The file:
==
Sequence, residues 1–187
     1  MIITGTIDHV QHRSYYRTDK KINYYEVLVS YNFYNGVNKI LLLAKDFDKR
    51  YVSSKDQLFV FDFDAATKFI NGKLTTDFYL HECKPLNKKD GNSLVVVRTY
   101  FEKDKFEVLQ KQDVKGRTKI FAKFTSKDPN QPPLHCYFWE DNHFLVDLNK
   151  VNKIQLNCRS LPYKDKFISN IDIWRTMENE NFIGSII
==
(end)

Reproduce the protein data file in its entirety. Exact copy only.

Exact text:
Sequence, residues 1–187
     1  MIITGTIDHV QHRSYYRTDK KINYYEVLVS YNFYNGVNKI LLLAKDFDKR
    51  YVSSKDQLFV FDFDAATKFI NGKLTTDFYL HECKPLNKKD GNSLVVVRTY
   101  FEKDKFEVLQ KQDVKGRTKI FAKFTSKDPN QPPLHCYFWE DNHFLVDLNK
   151  VNKIQLNCRS LPYKDKFISN IDIWRTMENE NFIGSII